Thursday, February 4, 2021 from 12:00 PM-1:30 PM (EST)
Experts generally agree that the past four years have been nothing short of momentous for US-Taiwan relations. Amidst growing US-China tensions and mounting instability in the Taiwan Strait, the Trump administration took unprecedented steps to bolster the American relationship with Taipei. As a result of several bipartisan congressional bills, multiple high-level diplomatic visits, and a highly-publicized effort to include Taiwan in international fora, the US-Taiwan relationship is arguably stronger than ever. Now, as the Biden administration steps onto the world stage, the United States faces numerous challenging decisions as it considers its approach to Taiwan, China, and the cross-Strait relationship. Will Biden continue his predecessor’s policies of aggressively challenging China while seeking stronger ties with Taiwan? Or will he take a different course, working to end the ongoing trade war and find common ground with Beijing, potentially at the expense of Taipei? How will Beijing attempt to reframe the Taiwan question with the Biden administration? This virtual panel will address these questions and attempt to forecast developments in Taiwan, China, and cross-Strait relations in 2021.
Panelists will include: Vincent Chao, director of the Political Division at the Taipei Economic and Cultural Representative Office in the United States (TECRO); Derek Grossman, senior defense analyst at the RAND Corporation; David Sacks, research fellow at the Council on Foreign Relations; and Yun Sun, senior fellow and co-director of the East Asia Program and director of the China Program at the Stimson Center. The event will be moderated by GTI Executive Director Russell Hsiao.
The event webcast will be broadcasted live on our website and YouTube on Thursday, February 4 at 12 PM (EST). Questions for the panel may either be sent by e-mail to firstname.lastname@example.org or through the chat function on the YouTube page.
Vincent Chao is the director of the political division at the Taipei Economic and Cultural Representative Office in the United States. Prior to this role, he served as the chief of staff to Taiwan’s foreign minister and senior-level positions at the Office of the President and National Security Council. Before joining the government, he was the deputy director of the International Affairs Department in the Democratic Progressive Party and was deeply involved in President Tsai’s 2016 presidential campaign. He has also served as a researcher in the Thinking Taiwan Foundation and as a reporter at the Taipei Times. He holds a B.A. from York University in Canada and an LLM from the University of London.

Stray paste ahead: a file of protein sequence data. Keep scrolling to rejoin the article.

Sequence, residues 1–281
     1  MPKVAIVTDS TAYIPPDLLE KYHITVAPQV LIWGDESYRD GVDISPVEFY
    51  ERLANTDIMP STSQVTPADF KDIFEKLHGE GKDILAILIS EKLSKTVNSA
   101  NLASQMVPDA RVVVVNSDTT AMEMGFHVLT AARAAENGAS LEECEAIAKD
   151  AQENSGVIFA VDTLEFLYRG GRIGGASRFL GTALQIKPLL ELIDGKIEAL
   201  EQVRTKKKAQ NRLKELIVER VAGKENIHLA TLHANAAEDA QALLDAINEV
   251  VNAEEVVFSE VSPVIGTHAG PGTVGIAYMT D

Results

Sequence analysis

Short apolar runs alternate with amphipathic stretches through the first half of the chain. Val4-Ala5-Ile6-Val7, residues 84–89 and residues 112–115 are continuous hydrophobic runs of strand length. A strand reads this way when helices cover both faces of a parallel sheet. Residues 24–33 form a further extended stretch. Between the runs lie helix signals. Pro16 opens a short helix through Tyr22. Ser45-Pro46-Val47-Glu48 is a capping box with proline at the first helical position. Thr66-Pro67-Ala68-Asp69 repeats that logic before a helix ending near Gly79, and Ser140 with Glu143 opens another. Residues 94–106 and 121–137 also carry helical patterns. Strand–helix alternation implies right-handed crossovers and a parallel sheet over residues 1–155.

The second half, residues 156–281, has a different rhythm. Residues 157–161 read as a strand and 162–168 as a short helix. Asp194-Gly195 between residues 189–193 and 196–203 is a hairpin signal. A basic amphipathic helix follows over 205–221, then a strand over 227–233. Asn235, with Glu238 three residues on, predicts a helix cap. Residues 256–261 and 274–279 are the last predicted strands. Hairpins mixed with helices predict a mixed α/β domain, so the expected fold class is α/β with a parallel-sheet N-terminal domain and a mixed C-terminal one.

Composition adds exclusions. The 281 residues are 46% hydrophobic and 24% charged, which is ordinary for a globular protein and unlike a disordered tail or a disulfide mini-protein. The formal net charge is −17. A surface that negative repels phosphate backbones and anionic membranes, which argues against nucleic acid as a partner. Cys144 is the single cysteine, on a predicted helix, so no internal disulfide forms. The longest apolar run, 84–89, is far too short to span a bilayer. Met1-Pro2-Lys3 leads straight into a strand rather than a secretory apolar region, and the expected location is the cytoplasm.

Derek Grossman is a senior defense analyst at RAND focused on a range of national security policy and Indo-Pacific security issues. Previously, he served over a decade in the intelligence community, where he served as the daily intelligence briefer to the director of the Defense Intelligence Agency (DIA), and to the assistant secretary of defense for Asian & Pacific Security Affairs. Prior to DIA, Grossman served at the National Security Agency (NSA). He also worked at the CIA on the President’s Daily Brief staff. He has interviewed with BBC, Bloomberg, the LA Times, CNN, the Washington Post, NPR, CNBC, South China Morning Post, Australian Broadcasting Corporation, and many others. Grossman has also published dozens of commentaries and journal articles, including for Asia Policy, China Brief, ChinaFile, Defense Dossier, Foreign Policy, Global Taiwan Brief, International Security, Journal of International Security Affairs, Newsweek, PacNet, Strategic Studies Quarterly, Studies in Intelligence, The Diplomat, The Hill, The National Interest, War on the Rocks, and World Politics Review. Grossman is an adjunct professor at the University of Southern California and a regular contributor to The Diplomat. He holds an M.A. from Georgetown University in U.S. national security policy and a B.A. from the University of Michigan in political science and Asian studies.